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Enterprise Focused Development methodologiy, EFD - Government Ideas

Enterprise Focused Development

This article introduces Enterprise Focused Development methodology, EFD. EFD methodology has also been published in the November 2008 issue the Journal of Enterprise Architecture

The purpose of the methodology is to cut government's software development expenses and create higher quality computer systems.

Enterprise Focused Development uses relational data modeling to focus software development teams in the most effective way possible while building the organization's enterprise architecture.

It is a method of creating computer software systems by modeling the whole system, then building the code in very small increments and having the client test the small increments before making additions to the system. This makes the client an involved partner throughout system design and implementation.

Enterprise Focused Development's flexible method contrasts sharply with conventional methods, such as waterfall methodology, where clients' specs are obtained in the early phase of system design, then designers and programmers follow rigidly planned building steps until the system is completed and presented to the client for testing as a finished product.

The power of Enterprise Focused Development's method stems from its ability to handle change as it happens. Change is inevitable and comes in many forms:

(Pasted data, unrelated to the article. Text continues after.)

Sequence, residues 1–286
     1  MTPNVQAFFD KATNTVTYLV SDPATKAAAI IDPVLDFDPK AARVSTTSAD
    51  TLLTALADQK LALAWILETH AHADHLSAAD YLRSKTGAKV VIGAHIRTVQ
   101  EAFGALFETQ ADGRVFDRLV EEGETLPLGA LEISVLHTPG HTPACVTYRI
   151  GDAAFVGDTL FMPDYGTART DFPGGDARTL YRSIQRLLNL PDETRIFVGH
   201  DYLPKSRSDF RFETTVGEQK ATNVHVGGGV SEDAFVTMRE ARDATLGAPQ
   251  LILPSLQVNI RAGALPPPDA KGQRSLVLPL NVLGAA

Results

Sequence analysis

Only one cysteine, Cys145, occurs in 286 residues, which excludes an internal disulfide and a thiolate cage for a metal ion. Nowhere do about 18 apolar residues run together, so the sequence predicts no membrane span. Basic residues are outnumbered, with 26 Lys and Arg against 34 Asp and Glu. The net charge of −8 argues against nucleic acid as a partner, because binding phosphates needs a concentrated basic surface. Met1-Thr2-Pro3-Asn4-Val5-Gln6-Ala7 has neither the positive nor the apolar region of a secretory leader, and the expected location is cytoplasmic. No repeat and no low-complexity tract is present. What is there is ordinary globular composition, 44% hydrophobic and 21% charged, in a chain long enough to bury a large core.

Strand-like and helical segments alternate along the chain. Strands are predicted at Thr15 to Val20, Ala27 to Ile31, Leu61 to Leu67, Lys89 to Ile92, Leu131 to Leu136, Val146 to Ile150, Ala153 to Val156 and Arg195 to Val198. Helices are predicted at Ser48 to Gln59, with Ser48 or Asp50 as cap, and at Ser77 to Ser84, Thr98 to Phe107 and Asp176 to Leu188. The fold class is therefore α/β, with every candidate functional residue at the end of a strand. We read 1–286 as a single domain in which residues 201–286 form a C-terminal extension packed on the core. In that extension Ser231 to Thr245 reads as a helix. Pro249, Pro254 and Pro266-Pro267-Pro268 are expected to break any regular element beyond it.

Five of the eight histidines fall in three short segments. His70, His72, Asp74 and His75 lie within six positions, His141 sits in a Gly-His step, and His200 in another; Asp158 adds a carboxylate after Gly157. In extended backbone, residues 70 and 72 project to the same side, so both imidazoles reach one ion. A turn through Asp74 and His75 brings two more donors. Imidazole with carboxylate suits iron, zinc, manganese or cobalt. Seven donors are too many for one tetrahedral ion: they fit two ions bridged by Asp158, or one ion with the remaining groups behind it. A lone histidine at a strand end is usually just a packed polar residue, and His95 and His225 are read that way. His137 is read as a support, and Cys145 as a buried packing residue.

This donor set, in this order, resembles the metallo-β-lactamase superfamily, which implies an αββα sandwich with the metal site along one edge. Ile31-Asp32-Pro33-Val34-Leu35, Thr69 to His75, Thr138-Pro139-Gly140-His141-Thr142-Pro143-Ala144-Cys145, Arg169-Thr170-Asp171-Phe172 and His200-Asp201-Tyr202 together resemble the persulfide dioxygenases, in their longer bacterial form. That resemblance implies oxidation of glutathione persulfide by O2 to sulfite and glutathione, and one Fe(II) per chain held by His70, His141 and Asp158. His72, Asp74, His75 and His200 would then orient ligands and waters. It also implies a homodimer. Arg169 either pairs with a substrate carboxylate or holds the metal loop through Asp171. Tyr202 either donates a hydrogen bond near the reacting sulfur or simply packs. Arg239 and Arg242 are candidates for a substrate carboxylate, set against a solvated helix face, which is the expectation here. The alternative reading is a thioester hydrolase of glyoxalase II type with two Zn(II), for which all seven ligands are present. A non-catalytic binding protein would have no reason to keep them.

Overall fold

Enterprise Focused Development resolves change related problems by addressing them as they occur.

Here's a typical example. Suppose the creation of an appointment scheduling system for a governor's office is requested. During initial interviews it is determined that the system should work with time units that are a minimum of 15 minutes. With Enterprise Focused Development, a simple menu would be available to the governor's staff within a few weeks just for adding a couple of test records. Nothing else has been coded or committed to, just rough data entry programming code for adding meetings. During input of actual data the governor's staff realizes that 15 minutes is too large of a time frame and requests that the minimum unit be reduced to 1 minute.

Analyze the difference in the way the methodologies handle change. With Enterprise Focused Development, the correction is made early. With conventional methods, the problem is not caught until the whole project is completed and handed to the client for testing months or years later, but now the error is embedded in thousands of places throughout system code and data files.

Multiply this example with many other problems and oversights in a very large project and you can see the vast advantages of Enterprise Focused Development.